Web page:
Perhaps most interesting, none of the farmers we spoke with identiﬁed animal mortality and carcass disposal as a possible pathway of antibiotic residue into the environment. On dairy farms, farmers often reduce on-farm mortality by culling cows and selling them for beef rather than treating them multiple times with antibiotics. It is therefore possible that this reduction of on-farm mortality reduced attention to the topic. Some research has shown that the high temperatures achieved in mortality composting, when carried out effectively, has been shown to reduce residue and resistant bacteria concentrations.
There are many decisions that farmers take that can lead to reduced loading of antibiotics into the environment. Those decisions, though generally made to further another goal, lead to the reduction of antibiotics in the environment at each step of the dairy farm process. From cow and calf nutrition, comfort, and health to non-antibiotic treatments, bacteria testing, and waste management systems, incremental decisions contribute to reduced environmental antibiotic loadings. Other articles in this series delve into these topics and the nuances our interviews revealed.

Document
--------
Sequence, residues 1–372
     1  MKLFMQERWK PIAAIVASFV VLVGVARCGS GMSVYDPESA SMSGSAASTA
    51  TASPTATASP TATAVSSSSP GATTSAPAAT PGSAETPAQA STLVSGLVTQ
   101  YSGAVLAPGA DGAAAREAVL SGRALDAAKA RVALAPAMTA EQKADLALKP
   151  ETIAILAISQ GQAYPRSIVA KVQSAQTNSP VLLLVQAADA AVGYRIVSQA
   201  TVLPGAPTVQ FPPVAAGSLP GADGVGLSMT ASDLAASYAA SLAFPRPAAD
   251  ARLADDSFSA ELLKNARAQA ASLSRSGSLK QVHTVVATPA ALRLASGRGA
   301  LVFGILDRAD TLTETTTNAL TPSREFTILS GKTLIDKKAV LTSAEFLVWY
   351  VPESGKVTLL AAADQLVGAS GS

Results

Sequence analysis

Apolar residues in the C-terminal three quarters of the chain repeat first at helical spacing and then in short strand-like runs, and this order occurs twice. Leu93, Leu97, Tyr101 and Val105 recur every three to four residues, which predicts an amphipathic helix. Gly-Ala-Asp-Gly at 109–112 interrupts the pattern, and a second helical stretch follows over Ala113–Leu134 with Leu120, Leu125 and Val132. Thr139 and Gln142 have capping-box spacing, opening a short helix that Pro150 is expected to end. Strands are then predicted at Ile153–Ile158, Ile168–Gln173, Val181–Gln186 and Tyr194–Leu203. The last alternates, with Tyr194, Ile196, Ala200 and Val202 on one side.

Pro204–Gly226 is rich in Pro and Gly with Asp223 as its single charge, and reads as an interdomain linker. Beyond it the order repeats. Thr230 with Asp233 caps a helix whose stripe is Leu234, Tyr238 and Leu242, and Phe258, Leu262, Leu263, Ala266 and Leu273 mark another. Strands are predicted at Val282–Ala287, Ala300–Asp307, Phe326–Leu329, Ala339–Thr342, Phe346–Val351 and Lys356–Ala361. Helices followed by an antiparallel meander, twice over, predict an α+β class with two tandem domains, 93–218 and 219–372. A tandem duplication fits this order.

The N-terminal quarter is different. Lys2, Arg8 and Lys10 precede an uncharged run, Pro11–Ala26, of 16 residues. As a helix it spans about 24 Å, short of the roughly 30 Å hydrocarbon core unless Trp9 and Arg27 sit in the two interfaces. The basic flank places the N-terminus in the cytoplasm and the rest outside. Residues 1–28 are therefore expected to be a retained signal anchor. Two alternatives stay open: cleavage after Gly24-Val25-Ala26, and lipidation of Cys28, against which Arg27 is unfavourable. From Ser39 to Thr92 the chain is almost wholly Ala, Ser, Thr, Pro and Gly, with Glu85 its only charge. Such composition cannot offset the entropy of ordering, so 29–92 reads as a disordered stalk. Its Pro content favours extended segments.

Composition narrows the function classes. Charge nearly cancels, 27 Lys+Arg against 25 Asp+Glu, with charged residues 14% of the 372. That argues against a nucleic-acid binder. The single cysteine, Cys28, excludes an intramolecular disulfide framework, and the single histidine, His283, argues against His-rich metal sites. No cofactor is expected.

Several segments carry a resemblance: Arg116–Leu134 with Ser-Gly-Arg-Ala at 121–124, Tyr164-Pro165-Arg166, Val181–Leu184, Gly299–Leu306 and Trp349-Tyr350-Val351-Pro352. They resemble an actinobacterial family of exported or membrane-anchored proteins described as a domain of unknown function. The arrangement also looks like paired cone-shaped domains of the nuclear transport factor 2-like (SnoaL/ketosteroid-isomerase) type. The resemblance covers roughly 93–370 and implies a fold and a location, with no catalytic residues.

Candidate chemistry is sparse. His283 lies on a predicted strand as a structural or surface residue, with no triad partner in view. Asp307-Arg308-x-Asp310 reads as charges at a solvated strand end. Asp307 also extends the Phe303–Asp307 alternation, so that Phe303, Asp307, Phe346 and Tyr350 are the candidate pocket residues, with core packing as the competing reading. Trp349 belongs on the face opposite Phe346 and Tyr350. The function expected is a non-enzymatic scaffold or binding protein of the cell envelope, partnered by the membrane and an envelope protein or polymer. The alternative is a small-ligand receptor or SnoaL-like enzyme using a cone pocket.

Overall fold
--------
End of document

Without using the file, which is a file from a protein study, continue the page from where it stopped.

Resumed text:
Antibiotic residue sources: Anthropogenetic & Agricultural